When the Disney Renaissance started in 1989, the movies just kept building upon one another in strength all leading up to the massively animated Lion King in 1994. While the films that followed it were by no means horrid, they weren’t as ambitious. Nevertheless they have cemented themselves as true classics and this list ranks the five of them.
This one is lowest on the list because the story of Hercules’ quest to become a true hero and his romance with Megara is somewhat clichéd. To the movie’s credit, it does have fun with the clichés. But it does come to the second problem in that all the characters are trying to be comedic with not enough straight men to balance it out. But the voice actors for this movie put a lot of effort into this movie that makes the writing as fun as it is and make the movie as memorable as it is today. And the movie does take the time to establish who the characters are. When it comes to the mythological elements such as the designs of the Gods, Titans, Olympus, the Underworld, etc. it presents a great deal of creativity, colors, and effects. The gospel songs in this movie help establish the tone and style the movie is going for and Go the Distance has a great build-up and is filled with inspiration and awe. It’s may have too much fun but is a fun movie nonetheless.
This movie does have problems in its tone being on completely opposite extremes and the characters don’t have much to them on their own. The movie however has a timeless message of how racism can lead to carnage for several people. And the way the romance is played out helps build up the stakes as a small romance results in two worlds colliding culminating in massive consequences for both sides. The characters are given a much more realistic animation designs and it looks natural and gives subtlety. The backgrounds and colors provide a very beautiful nature-like environment. Things such as smoke, water, and wind help give it an extra push to the world of the Natives. The songs help give a unique distinction to both worlds and collides the two with the final song. The two worlds this movie showcases shines throughout the movie and makes it a visually enjoyable experiences.
The way the movie showcases the turmoil of Tarzan’s struggle of being different from the rest of his family plays both the right amount of comedy and deepness. Not only does the movie personify it well through his family and the fellow humans he comes across but it also culminates in an amazingly moving scene where Tarzan learns the truth about his past with little dialogue and most of it told through the expressions. The character expressions in this are particularly amazing as exemplified by Tarzan meeting a fellow human in Jane for the first time and is fascinated by someone like him. There’s also the villain, Clayton who, while his motivation is rather cookie cutter has amazing expressions of his bloodthirsty desire to execute it. Prior to this movie most people would associate Tarzan with just swinging from vines but they go the extra mile in having him surf on tree branches. The Phil Collins songs in this movie help give weight to the moments and let the viewer enjoy Tarzan’s journey and all around provide an enjoyable narrative.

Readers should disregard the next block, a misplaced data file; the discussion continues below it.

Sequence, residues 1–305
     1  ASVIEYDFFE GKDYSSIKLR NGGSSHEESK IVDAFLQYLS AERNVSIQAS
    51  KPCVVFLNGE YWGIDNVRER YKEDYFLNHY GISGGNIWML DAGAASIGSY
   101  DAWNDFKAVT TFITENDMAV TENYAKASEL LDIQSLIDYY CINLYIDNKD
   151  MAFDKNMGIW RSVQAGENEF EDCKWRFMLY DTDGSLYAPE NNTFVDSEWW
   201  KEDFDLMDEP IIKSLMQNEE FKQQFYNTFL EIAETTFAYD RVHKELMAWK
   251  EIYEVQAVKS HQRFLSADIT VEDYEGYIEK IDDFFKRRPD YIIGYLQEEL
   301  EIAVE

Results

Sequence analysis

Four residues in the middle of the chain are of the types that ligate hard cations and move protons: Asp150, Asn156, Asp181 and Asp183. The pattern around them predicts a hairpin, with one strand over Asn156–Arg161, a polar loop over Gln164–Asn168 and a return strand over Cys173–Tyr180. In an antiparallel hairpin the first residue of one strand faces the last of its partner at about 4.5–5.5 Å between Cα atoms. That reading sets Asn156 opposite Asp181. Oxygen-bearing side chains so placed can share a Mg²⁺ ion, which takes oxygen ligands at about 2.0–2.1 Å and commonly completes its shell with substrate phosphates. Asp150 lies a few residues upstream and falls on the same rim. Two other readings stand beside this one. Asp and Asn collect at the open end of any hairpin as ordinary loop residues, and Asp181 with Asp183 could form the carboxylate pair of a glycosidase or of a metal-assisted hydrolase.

This movie told its story in a fun and compelling manner all the while going into some dark and serious territory in the process. And it brilliantly balances all those elements. The way the movie is animated it looks and feels like China as seen through the artwork based on ancient dynasties. And the action is drawn in an intense and engaging way leading to a variety of creative possibilities. While the romance between Mulan and Shang is glossed over, we see how both these characters strive to be the best they can be and how they grow close because of it. Eddie Murphy gives a fantastic performance to the character of Mushu and the men Mulan fights with each give comedy in their own way and play crucial roles throughout the plot. Each song helps tie into the Chinese feel and the movie’s message. Mulan knew how to tell a strong hero story and give a cultural feel to it. While it’s debated whether or not Mulan is a princess, there is no question that Mulan is a great movie.
1. The Hunchback of Notre Dame
This movie was surprisingly dark for Disney and certainly didn’t talk down to its audience even at its most “Disney-fied” points. While the comedy of the gargoyles don’t synergize with the rest of the movie they aren’t the main focus of the movie. It goes for a surprising realistic angle by having Quasimodo not get Esmeralda at the end of it all. The movie delves into various themes of religion, love, and lust all the while showcasing a prominent presence of Christianity in the city of Paris completely ruled by faith. This gives way to a great deal of corruption in society in high-ranking officials like Judge Claude Frollo and we see how that corruption can lead to him going to horrifying lengths externally in letting Paris burn and how he knows full well he is sinning but views it all as God’s work. The animation utilizes great lighting, shadows, colors, and angles in making various parts of Paris look grand and breathtaking and in the musical numbers (which also represents the movie’s themes in a powerful manner). This movie made some bold decisions in its storytelling that remain quite shocking even today and give the movie a strong narrative.
How do you rank these movies? Leave your thoughts in the comments below.